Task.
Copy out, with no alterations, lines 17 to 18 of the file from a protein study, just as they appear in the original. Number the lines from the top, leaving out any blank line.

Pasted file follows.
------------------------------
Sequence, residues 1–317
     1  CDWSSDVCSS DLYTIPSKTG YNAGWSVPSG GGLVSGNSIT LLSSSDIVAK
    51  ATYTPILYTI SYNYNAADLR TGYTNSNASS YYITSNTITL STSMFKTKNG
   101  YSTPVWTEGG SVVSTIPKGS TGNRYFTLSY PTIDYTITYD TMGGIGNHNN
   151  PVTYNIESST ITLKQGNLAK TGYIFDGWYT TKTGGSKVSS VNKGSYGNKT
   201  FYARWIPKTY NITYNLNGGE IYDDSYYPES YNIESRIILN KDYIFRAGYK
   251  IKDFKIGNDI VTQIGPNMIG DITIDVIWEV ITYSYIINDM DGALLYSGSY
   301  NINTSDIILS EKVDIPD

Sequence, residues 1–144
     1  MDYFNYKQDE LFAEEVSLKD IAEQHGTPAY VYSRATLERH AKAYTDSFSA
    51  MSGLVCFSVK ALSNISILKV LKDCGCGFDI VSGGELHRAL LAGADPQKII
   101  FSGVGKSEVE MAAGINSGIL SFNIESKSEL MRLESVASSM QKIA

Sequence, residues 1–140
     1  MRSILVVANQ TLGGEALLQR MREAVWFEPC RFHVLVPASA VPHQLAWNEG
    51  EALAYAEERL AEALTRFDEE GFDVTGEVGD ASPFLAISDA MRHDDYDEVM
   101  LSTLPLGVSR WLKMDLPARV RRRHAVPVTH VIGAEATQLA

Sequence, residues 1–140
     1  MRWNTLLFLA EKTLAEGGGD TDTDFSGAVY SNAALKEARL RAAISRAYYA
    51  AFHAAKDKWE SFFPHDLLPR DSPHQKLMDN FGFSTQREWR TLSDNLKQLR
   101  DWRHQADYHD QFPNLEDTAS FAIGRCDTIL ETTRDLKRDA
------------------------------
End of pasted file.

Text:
Sequence, residues 1–140
     1  MRWNTLLFLA EKTLAEGGGD TDTDFSGAVY SNAALKEARL RAAISRAYYA